Kodak T-Max 100 Film

Kodak T-Max 100 (& T-Max 400) Film

I started getting into film photography during 2012 and I was using the classic black and white film, Ilford FP4+. For 2013 I tried Kodak T-Max film and liked this modern emulsion using T-grain for finer more grain free results for scanning. I used 35mm T-Max 100 in my Nikon FM and Voigtlander Bessa R3A rangefinder and 120 Kodak T-Max 400 (& 100) in my medium format cameras. I tried different formats – 6×4.5 (Contax 645), 6×6 (ARAX-CM (Kiev 88)), 6×7 (Mamiya RZ 67 Pro II) and 6×9 (Moskva-5 folding camera).

I develop my own black and white film using Xtol and/or Rodinal and often via stand development. It is very easy and allows you to develop the film to get the look you desire. This is not possible if you send film to a lab. You do not need a dark room, just a ‘Paterson tank’.

For colour film photography I use mostly Kodak Portra 400 for medium format and Kodak Portra 160 for 35mm. (See blog link below).

Here are some shots from 2013 to show the look obtainable from Kodak T-Max film.

35mm 135 Kodak T-Max 100 Film (Voigtlander Bessa R3A)

FilmIsNotDead
Edinburgh
Voigtlander Color Skopar 21mm f4
35mm Kodak T-Max 100

120 Kodak T-Max 100 & 400 Film
Contax 645
Contax 645 B&W Wedding Photography
Contax 645 Asian Wedding
Contax 645 Wedding Photography
Contax 645 Wedding
Bridal Photography on Film
Gina with Contax 645
The Dancer - Rodinal Stand Development
ARAX-CM (Kiev 88)
Fashion on FILM
Model Photographer - Film Photography
NT Packwood House Estate
ARAX Landscape
Film Photography
India Street Food (1)
Mamiya RZ67
All Stars with Mamiya RZ67
Nella!
Fashion on Film
Film Fashion Photography
Black & White Film Wedding Photography
Engagement Shoot Film Photography
Model Photography on Film
Evening Stroll
Sex Sells..Film
Moskva-5
Russian Moskva-5 Folding Camera
Moskva-5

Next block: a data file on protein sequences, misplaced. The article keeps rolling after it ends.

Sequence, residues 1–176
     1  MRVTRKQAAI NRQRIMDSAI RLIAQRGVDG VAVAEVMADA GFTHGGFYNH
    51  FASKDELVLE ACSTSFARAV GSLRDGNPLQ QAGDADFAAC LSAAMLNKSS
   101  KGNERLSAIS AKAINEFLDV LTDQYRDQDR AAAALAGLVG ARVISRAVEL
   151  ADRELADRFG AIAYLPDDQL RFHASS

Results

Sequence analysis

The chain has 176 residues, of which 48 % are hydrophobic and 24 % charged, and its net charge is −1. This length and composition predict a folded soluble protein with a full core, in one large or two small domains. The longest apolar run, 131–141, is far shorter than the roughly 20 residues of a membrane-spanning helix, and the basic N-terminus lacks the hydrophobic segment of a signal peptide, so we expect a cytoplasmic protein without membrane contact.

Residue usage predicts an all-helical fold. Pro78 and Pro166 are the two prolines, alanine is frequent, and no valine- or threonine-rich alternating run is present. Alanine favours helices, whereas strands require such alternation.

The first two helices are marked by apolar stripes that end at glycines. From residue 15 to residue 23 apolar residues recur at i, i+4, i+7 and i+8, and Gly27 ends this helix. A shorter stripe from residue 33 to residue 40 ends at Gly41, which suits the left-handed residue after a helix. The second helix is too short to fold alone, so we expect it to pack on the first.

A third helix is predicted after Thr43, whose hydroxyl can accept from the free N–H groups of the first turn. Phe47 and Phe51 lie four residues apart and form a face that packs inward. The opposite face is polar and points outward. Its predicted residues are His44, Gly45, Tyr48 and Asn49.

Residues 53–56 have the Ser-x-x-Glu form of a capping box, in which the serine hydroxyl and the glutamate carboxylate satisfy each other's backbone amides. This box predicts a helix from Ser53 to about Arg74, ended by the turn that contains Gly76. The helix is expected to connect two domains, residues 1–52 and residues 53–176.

Russian Moskva-5 6x9 Folding Camera

Leica M9 CCD Sensor vs. Film
The filmic look of the Leica M9 CCD sensor really threatened my continued use of using 35mm black and white film. I stopped shooting film for over 3 months once the M9 arrived. I then found time to develop some film from the Voigtlander Bessa R3A that I shot before buying the M9. The results have fully restored my faith in film. I like the imperfections and arty feel that true film photography can capture. For 2014 I look forward to using my new Leica lenses on my Bessa R3A alongside my Leica M9. I also bought Mamiya RZ 645 film back, Mamiya RZ 6×6 film back and a Mamiya RZ Polaroid film back so the future for film looks bright for 2014!

MatthewOsbornePhotography.co.uk

Related Posts

Rodinal Stand Development
Ilford FP4+ Film
Kodak Portra Film
Mamiya RZ Film Backs

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ARAX-CM: Vintage Look Film Photography

6×6 Vintage Look Film Photography

Taken with my Russian medium format film camera, the ARAX-CM 6×6 that is a rebadged Kiev 88 and also known as a Hasselbladski. The Kiev 88 was a Soviet clone of the Hasselblad 1600 F hence the name.

arax-cm

If you want to buy an ARAX camera you should get in touch with Mr Gevorg Vartanian at http://araxfoto.com/ where he will be happy to help. I found the customer service to be excellent and have made several purchases from him.

This photo was shot in an old castle in Ukraine with model Olga on a day trip back in spring 2013. Shot on Fuji Pro400H colour film.

Details and defects as shot. I didn’t clean up the photo as it is slightly mis-focused on the face plus I liked the vintage look despite the light leak.

I have only recently had this batch of colour film lab developed and it was then I noticed the ARAX film back had incurred a light leak problem. Frustrating but it is now fixed with a bit of card and sticky tape!

I love the simplicity of my ARAX. No battery or electronics to go wrong, just a box, a viewfinder, a lens and a film back. It reminds me of my first car, a Russian Lada Niva Cossack 4×4 that also had minimal mod cons! Both can be mended with basic tools and their simplicity make them a joy to use.

I used to use the ARAX-CM as my travel medium format film camera as it would fit in my bag easily unlike my Mamiya RZ67 Pro II which is too big. The huge viewfinder on the Mamiya does makes focusing a doddle but I prefer the 6×6 format vs the 6×7 I think.

I guess they both have their pros and cons! 🙂

MatthewOsbornePhotography.co.uk

Note: If you are looking to get into medium format film photography I have both a Pentacon Six TL (6×6) and Kiev 88 (6×6) both in their original cases with lenses for SALE. Both cameras offer a fantastic cheap way to get into medium format film and the P6 especially would be great for photography students as the cheaper of the two.